Ramon Diaz says he has nothing to prove ahead of Saudi Super Cup final at Loftus Road
LONDON: Ramon Diaz said he has nothing to prove when he goes head-to-head on Saturday night with the club who fired him in February.
Diaz, 58, won the league and cup double with Al-Hilal in his first season and then came within a whisker of leading them to AFC Champions League glory in his second. Al-Hilal lost over two legs to Urawa Reds by a single goal and things may well have been different had Carlos Eduardo, the free-scoring Brazilian midfielder, not limped off in the first leg with a serious knee injury.
Al-Hilal stuttered in the league thereafter and suffered a shock exit in the King’s Cup at the hands of Al-Quadisiya. It was a defeat that signalled the beginning of the end for Diaz and he was fired a month later.
While Al-Hilal took months to find a successor, Diaz licked his wounds, took some time off and then popped up again in the Saudi Pro League this summer after accepting the top job at Al-Ittihad. In a quirk of the fixture list, he now faces his old club in his first competitive game in charge of his new club when the two powerhouses of football in Saudi Arabia do battle at Loftus Road for the Saudi Super Cup on Saturday night.
Diaz insists, though, he is not out to make a point. “I won everything with them,” he said. “We broke all the records at the club. The other side has to prove something – not me.”
Al-Hilal and Al-Ittihad have won the Saudi Pro League title a combined 23 times, but this is their first time they will have met in the Saudi Super Cup. There are subplots everywhere, with Omar Khribin keen to see if he can outgun Romarinho while Salem Al-Dawsai and Fahad Al-Muwallad will battle it out to lay claim to being the brightest young talent in Saudi Arabian football.
“These two teams represent Arabic football,” said Diaz. “These are two great teams. I know Al-Hilal very well, but Ittihad is a new team and we prepare very well. I want us to produce a good performance that all the fans will like. We want lots of fans to come to the game and they will see, they will know. We will have no regrets.”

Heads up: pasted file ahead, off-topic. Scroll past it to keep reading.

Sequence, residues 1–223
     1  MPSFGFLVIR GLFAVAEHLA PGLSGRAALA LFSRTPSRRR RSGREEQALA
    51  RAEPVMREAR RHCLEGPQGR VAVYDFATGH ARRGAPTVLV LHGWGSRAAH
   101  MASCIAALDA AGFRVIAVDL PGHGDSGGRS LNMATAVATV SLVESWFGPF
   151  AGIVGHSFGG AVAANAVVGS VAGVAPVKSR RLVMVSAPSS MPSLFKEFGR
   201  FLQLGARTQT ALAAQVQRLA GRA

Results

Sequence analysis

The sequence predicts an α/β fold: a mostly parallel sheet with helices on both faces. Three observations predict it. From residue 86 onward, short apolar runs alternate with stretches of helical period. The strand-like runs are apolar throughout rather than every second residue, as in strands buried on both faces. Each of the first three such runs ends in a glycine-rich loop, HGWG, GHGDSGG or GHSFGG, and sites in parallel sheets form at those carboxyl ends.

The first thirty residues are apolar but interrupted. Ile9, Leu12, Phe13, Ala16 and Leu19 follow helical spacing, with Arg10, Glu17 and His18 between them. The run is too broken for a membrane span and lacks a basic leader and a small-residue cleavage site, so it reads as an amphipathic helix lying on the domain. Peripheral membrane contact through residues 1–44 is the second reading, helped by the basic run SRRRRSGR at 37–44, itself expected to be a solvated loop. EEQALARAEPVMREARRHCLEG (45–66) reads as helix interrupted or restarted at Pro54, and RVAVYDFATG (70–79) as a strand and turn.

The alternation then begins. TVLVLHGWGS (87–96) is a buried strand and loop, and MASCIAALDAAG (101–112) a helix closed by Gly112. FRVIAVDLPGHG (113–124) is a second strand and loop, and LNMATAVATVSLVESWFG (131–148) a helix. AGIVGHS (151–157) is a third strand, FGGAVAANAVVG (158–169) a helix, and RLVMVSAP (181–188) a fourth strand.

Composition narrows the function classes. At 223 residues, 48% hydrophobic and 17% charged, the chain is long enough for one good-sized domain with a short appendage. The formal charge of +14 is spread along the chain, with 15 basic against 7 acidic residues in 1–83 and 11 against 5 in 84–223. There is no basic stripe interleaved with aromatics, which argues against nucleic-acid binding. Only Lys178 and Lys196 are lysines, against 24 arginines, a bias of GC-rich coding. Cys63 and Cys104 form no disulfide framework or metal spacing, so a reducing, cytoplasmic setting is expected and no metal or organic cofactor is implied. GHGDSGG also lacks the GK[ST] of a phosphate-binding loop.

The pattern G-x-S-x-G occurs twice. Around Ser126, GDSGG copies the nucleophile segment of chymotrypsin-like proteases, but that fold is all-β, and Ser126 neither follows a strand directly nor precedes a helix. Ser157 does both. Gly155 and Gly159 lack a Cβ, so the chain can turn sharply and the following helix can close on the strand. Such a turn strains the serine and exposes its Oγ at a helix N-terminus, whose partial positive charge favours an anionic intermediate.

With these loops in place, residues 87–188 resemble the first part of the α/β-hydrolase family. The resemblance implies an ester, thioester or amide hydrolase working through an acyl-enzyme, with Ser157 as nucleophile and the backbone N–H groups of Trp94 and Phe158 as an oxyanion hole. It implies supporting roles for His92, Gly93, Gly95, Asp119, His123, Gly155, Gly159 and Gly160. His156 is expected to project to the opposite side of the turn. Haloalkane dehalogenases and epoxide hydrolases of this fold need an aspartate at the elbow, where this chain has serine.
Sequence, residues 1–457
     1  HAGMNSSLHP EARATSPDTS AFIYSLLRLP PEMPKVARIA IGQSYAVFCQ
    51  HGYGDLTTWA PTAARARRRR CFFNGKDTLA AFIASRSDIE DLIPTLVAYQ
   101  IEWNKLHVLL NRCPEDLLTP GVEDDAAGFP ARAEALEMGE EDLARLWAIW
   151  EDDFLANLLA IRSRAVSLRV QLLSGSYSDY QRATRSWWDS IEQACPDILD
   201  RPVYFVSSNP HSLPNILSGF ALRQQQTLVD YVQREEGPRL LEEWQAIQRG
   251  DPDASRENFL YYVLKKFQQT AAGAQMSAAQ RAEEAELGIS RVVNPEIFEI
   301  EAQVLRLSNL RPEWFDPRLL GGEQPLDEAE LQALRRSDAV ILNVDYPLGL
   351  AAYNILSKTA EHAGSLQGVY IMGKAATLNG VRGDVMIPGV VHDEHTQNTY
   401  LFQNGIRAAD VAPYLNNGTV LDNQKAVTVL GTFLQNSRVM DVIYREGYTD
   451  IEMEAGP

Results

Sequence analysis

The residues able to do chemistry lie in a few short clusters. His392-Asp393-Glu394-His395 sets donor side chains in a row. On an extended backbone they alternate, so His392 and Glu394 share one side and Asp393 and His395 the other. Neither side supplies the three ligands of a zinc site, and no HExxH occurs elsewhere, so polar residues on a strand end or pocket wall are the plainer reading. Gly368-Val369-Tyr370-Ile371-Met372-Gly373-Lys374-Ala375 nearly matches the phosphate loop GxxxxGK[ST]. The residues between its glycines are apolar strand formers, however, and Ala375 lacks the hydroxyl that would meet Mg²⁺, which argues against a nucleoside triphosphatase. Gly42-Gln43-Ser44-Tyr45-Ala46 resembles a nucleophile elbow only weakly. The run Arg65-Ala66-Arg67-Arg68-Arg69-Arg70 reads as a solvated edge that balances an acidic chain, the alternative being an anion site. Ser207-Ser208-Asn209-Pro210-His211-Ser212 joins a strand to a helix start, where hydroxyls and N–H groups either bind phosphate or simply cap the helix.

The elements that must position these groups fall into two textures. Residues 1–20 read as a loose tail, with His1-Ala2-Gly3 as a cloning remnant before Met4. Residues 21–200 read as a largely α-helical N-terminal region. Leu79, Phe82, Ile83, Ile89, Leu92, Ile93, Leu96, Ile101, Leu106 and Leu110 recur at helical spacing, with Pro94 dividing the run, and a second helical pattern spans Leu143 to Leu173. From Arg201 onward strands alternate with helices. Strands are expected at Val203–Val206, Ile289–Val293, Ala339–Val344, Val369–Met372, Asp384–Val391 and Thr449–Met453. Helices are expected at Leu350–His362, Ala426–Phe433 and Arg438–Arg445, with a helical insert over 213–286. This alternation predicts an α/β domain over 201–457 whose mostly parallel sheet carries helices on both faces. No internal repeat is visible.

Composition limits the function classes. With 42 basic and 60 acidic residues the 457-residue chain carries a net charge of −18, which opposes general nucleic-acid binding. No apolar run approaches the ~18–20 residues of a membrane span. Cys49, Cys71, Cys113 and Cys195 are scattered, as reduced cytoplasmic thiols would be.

Diaz has overseen a period of marked change at Al-Ittihad this summer. Australian international defender Matthew Jurman, Serbian striker Aleksandar Pesic, Brazilian left-back Thiago Carleto and Moroccan international Karim El-Ahmadi head the list of off-season recruits and there is good reason to feel Al-Ittihad should not be languishing like they did last season.
“I am very satisfied with all the players that came,” said Diaz. “They have blended very well with the old ones and we are now a very strong group. We have a good squad, a strong team. It’s a new project and we are so very, very satisfied with the readiness of the team. We have done some very good work in the last month and a half.”
Diaz is expecting “a tough game” against Al-Hilal, “a tactical game, an intense game. We have all the keys to deal with this game. It’s going to be so tough but we are ready.”
He also needs to come up with a plan to deal with Omar Abdulrahman if, as seems likely, the UAE international superstar comes off the bench to make his debut for Al-Hilal.
“We must put a lot of pressure on him,” said Diaz. “There is no doubt he is a great player, but we faced him twice in the Asian League last year (when I was in charge of Al-Hilal) and we beat them and qualified for the other phase.”
While the expectation placed on Diaz when he was in charge of Al-Hilal was to compete for the top honors at home and in Asia, the job description for Diaz is very different at Al-Ittihad. They need to first arrest their slide down the table – they finished 11th in 2017 and ninth the season just gone – and then, in time, start competing for the title they have won eight times.
“The situation is very different to what happened before,” said Diaz. “This is a new project, a new team, a new president and a new coach. I want to work hard to do well in any competition we play in.”